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Here is how to define and use a calculator, using embedded Python.
These two lines go in your vimrc:
:command! -nargs=+ Calc :py print <args> :py from math import *
Now use it inside Vim:
:Calc 2**10+5,2**16,2**128 1029 65536 340282366920938463463374607431768211456 :Calc sin(pi/2), log(10) 1.0 2.302585
You have to have Vim compiled with Python support, and have Python on your machine†. Use
:version to see which features are included in your Vim.
If you don't have Python support in your Vim, but do have a python command, use this instead
command! -nargs=+ Calc :!python -c "from math import *; print <args>"
You also get complex numbers and other goodies. Google for Python and math. Here is an example from complex math:
:py from cmath import * :Calc exp(pi*1j) , " Euler famous identify e^i.pi = -1" (-1+1.22460635382e-016j) :Calc sum(range(1,100+1)), "Gauss' famous identity sum(1,100)" 5050
These days, Vim Python support in Windows is usually via a dll, installed separately from Vim:
+python/dyn. Go to http://python.org/ to get the Python installer.
To check whether you have Python software that Vim can use (either statically linked or dynamically findable), do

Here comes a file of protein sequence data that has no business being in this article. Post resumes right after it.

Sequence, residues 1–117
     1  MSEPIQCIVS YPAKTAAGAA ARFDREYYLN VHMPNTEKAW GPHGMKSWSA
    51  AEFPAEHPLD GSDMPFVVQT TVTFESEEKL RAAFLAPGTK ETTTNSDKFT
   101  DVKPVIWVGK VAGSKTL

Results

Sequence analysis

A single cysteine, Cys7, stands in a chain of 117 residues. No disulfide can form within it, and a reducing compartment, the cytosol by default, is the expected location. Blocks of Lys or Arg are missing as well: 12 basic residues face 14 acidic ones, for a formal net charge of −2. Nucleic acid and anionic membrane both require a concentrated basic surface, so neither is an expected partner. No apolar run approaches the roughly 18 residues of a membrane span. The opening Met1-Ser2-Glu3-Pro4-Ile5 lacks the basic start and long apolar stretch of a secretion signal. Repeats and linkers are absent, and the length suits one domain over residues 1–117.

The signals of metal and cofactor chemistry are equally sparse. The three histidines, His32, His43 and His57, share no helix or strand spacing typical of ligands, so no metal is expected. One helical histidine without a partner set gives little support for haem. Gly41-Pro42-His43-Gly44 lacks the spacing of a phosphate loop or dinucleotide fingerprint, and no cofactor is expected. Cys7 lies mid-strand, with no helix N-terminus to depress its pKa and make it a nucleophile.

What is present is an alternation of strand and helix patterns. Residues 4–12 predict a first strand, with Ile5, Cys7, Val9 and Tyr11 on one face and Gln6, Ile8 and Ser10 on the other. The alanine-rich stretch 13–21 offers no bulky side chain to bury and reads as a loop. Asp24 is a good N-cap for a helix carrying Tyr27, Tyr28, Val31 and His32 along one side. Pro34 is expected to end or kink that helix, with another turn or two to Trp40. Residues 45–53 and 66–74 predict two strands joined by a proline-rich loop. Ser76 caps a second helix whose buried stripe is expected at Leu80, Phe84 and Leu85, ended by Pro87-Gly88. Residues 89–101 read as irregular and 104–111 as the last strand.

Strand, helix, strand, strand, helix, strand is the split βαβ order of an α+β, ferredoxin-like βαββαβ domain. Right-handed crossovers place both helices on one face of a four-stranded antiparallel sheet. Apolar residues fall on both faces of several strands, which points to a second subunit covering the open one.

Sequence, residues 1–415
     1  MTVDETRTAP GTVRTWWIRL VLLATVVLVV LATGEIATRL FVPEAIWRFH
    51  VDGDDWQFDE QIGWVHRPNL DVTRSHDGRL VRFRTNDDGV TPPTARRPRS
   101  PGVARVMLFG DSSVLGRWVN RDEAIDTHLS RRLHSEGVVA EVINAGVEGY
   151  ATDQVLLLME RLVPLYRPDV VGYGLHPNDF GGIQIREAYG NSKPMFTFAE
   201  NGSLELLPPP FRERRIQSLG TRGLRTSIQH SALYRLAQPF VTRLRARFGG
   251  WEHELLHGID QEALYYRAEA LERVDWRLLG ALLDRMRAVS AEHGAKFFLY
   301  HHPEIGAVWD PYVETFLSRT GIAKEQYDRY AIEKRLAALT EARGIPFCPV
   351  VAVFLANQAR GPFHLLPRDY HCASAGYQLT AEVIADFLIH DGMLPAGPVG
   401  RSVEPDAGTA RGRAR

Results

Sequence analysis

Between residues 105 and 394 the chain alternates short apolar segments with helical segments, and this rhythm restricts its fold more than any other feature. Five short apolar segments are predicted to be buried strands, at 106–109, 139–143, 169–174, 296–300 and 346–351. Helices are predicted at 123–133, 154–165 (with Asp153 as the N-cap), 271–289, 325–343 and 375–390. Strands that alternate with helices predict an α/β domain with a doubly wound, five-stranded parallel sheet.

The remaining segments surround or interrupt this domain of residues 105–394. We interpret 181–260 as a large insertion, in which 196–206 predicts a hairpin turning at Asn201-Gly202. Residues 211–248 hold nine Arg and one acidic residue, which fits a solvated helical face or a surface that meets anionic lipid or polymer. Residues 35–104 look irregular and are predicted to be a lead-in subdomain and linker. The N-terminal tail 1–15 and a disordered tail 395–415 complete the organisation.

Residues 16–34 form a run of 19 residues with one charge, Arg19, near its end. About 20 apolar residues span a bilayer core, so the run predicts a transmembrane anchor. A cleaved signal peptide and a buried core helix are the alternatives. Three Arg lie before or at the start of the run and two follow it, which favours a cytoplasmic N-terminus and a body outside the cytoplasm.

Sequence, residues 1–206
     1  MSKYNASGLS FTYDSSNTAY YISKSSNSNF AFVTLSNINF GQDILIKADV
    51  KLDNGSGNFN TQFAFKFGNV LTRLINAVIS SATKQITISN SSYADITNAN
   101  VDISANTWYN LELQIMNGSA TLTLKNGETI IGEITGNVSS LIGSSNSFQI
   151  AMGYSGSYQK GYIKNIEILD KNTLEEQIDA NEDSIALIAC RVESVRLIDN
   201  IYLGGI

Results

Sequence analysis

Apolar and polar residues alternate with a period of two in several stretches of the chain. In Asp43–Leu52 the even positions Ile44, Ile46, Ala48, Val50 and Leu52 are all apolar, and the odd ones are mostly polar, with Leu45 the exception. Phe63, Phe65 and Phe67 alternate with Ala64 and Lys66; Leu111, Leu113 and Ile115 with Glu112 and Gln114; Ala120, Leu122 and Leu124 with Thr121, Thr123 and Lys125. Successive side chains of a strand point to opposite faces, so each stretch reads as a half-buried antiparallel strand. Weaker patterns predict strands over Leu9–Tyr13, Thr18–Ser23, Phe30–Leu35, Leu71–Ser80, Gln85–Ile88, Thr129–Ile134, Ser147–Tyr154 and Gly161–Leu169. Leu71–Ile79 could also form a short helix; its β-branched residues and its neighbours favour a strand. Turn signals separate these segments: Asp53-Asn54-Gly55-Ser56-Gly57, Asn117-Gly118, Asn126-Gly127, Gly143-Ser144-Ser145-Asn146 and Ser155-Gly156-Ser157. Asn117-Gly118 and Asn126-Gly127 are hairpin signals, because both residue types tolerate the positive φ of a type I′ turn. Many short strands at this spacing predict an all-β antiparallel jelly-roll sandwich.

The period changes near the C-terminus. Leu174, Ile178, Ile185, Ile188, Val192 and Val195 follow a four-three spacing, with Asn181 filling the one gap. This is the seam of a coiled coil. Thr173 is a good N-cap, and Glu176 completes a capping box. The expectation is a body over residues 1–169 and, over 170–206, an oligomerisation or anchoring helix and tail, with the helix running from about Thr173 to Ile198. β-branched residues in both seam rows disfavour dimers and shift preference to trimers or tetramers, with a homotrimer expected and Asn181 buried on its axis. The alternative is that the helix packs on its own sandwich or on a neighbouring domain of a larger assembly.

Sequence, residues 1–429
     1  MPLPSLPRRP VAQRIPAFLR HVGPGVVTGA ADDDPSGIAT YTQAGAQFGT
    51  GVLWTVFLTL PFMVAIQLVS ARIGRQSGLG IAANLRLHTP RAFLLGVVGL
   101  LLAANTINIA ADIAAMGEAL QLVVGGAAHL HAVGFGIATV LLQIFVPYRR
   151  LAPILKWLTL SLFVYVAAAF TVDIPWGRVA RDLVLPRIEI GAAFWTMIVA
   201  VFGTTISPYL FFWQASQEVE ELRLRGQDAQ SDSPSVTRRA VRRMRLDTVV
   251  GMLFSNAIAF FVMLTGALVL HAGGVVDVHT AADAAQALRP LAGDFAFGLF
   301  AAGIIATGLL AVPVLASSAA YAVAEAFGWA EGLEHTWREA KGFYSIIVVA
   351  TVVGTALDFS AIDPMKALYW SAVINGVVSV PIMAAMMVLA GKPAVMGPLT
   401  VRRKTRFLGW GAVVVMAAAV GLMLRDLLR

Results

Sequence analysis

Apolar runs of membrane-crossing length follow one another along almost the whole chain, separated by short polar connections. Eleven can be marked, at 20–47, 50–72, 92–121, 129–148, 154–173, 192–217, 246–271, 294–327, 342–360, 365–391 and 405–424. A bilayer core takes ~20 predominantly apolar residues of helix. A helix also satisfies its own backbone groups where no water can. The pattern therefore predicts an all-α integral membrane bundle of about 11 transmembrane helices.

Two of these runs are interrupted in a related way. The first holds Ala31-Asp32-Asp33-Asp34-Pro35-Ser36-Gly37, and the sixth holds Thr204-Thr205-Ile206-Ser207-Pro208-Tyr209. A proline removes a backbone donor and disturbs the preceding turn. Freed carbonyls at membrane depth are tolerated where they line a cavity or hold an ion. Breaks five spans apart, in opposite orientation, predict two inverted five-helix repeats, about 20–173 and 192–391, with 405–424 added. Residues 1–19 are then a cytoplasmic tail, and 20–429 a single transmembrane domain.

:echo has('python') — 0 (zero) means "no", anything else (normally 1) means "yes".
If your Vim (7.2 or later) is compiled with +float, you can do scientific calculations in Vim even without Python.
- Use the numeric operators (except %) and floating point functions defined by Vim, see
- Exponentiation is pow(base,exponent), not
- :echo gives you 6-digit precision by default, use printf() for user-specified precision, up to about 15 significant digits on an Intel PC (I don't know how many on a Mac PPC or an an IBM System-z).
- If you can lay hands on (or compile) a Vim patched with Bill McCarthy's additional floating-point functions (#7 in the list), you won't need to know trigonometric formulas for "missing" functions such as tan(), asin(), atan2() etc., and you'll be able to use
exp(1)rather than a literal value for e.